—More advanced missiles, such as an SLBM system and the first ICBM capable of reaching the United States, are now under development but will not be available for several years (Annex C, Paras 55–57)

N. If, as we believe, a “moderate” leadership is emerging from the overall succession process, these new Chinese leaders would continue to strengthen their military posture against the Soviets, even though there could well be some attempts to reduce the abrasiveness of the Sino-Soviet relationship. They would push ahead with the creation of their intercontinental nuclear forces (Paras 59–61).

O. Certain ongoing trends and defense policies have an enduring quality and will consequently survive the post-Mao transition period into the early 1980s (Para 63).

—The Soviets will remain the main threat (Para 63).

—The Chinese will not align themselves with other powers but pursue an independent stance (Para 63).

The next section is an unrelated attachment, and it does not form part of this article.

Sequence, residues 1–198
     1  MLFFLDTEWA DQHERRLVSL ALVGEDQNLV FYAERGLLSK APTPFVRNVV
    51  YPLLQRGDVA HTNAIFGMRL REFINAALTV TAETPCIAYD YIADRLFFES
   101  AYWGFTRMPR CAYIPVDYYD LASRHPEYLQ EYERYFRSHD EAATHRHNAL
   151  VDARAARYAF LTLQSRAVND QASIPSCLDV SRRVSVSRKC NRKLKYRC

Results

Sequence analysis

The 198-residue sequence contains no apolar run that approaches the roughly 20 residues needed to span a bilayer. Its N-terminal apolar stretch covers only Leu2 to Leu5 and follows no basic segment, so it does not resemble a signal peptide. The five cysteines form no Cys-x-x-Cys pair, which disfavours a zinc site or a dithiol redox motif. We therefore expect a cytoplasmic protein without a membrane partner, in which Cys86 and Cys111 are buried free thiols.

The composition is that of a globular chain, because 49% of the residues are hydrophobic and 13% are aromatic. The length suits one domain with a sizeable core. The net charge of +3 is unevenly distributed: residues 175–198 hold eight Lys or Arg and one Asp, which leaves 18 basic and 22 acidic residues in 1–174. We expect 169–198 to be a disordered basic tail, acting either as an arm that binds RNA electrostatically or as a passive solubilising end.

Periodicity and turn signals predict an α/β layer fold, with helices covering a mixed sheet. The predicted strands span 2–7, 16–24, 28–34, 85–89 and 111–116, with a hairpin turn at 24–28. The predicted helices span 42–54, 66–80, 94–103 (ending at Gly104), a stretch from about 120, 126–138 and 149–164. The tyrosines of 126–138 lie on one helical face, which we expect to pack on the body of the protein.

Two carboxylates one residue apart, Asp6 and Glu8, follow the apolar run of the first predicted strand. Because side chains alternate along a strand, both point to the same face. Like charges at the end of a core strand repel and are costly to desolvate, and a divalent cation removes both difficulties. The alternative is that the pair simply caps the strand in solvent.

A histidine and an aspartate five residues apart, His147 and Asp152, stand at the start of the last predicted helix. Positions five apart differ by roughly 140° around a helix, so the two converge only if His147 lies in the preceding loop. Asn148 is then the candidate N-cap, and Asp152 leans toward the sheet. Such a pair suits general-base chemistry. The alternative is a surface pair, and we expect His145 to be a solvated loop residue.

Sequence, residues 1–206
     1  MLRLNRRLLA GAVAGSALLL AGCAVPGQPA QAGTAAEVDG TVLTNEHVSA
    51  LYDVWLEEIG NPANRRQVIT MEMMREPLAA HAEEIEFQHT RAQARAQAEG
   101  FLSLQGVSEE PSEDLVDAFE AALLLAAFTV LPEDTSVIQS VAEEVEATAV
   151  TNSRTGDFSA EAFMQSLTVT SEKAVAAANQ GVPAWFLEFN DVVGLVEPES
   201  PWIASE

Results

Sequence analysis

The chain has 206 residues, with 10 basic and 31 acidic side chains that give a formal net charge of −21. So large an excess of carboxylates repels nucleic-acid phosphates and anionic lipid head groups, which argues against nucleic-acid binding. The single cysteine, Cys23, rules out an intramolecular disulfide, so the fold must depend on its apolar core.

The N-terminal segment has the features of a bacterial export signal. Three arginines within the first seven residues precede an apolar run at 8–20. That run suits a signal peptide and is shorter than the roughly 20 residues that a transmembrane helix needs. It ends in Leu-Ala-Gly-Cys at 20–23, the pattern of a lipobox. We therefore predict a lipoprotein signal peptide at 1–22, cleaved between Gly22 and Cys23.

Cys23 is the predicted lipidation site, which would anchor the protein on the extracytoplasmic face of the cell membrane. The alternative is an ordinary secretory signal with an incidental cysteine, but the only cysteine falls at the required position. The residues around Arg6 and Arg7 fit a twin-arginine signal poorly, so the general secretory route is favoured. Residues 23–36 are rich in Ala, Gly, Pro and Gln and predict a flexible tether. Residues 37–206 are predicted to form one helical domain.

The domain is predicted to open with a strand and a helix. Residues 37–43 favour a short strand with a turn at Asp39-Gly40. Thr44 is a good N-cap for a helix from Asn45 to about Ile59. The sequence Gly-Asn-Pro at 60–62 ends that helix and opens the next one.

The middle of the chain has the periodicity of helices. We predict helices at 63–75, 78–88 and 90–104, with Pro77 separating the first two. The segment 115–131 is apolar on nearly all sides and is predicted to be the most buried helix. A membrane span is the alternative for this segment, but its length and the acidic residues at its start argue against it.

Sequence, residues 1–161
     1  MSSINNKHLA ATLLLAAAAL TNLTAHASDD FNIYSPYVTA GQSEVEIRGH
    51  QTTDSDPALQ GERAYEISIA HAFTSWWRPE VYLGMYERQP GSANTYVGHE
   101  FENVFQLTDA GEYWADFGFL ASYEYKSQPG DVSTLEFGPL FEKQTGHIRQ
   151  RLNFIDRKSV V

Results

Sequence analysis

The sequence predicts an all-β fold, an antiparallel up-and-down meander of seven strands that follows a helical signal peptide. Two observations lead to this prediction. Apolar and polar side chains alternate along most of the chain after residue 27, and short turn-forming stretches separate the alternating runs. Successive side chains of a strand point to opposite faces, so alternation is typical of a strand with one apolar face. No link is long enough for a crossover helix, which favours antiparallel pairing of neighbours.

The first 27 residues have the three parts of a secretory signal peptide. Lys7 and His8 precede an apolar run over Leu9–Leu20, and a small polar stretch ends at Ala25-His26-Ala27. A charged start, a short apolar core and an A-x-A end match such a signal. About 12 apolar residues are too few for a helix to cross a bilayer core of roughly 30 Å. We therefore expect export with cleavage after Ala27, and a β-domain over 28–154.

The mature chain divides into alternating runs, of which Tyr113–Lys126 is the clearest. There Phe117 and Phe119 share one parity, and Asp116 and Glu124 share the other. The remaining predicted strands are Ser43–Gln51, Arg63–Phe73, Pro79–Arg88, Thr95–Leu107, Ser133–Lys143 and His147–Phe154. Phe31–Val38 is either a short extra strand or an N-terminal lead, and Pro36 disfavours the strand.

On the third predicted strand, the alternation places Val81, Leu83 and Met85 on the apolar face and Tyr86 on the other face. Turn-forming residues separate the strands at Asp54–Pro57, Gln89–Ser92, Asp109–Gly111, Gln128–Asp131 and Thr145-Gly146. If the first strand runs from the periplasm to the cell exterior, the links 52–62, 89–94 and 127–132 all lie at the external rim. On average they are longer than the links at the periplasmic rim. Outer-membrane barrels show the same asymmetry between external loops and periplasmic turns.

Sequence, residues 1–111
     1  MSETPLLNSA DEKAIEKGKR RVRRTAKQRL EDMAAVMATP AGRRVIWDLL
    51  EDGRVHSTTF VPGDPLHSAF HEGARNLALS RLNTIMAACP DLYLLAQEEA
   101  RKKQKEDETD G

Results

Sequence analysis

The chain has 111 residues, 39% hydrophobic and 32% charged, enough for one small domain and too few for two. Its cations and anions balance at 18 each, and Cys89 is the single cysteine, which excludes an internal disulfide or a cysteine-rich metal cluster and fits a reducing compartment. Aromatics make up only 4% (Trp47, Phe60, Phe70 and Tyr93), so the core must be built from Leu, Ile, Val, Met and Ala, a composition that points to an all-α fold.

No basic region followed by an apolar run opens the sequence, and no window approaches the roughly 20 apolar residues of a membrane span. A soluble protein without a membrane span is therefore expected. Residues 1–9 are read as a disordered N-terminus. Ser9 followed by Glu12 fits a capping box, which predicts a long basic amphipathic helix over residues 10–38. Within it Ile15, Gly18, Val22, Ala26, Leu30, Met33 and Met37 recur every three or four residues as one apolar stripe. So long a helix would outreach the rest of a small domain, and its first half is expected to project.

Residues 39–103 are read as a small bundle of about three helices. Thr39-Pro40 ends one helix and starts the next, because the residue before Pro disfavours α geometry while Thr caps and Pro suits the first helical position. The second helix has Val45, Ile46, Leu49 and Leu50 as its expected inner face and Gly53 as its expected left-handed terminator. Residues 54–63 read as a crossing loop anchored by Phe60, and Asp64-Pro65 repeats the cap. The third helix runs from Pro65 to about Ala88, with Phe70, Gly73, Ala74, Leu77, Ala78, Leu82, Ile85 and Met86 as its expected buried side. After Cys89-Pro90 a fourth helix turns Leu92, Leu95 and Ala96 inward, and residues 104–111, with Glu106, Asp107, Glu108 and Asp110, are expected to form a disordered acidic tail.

—Peking will prefer to use political and diplomatic means rather than military pressures to gain its ends (Para 63).

—The PLA will continue as a huge military force—but one more operationally competent than now. It will remain involved in a great variety of political and economic duties (Para 63).

—Though the PRC will probably begin to deploy a small force of ICBMs and SLBMs in the early 1980s, it could not successfully engage a superpower in a nuclear exchange (Para 63).

—The large discrepancy between strategic nuclear weapons available to the Chinese compared to those of the US and the USSR will continue to seriously constrain the development of any flexible Chinese strategy for responding to an enemy first strike (Para 49).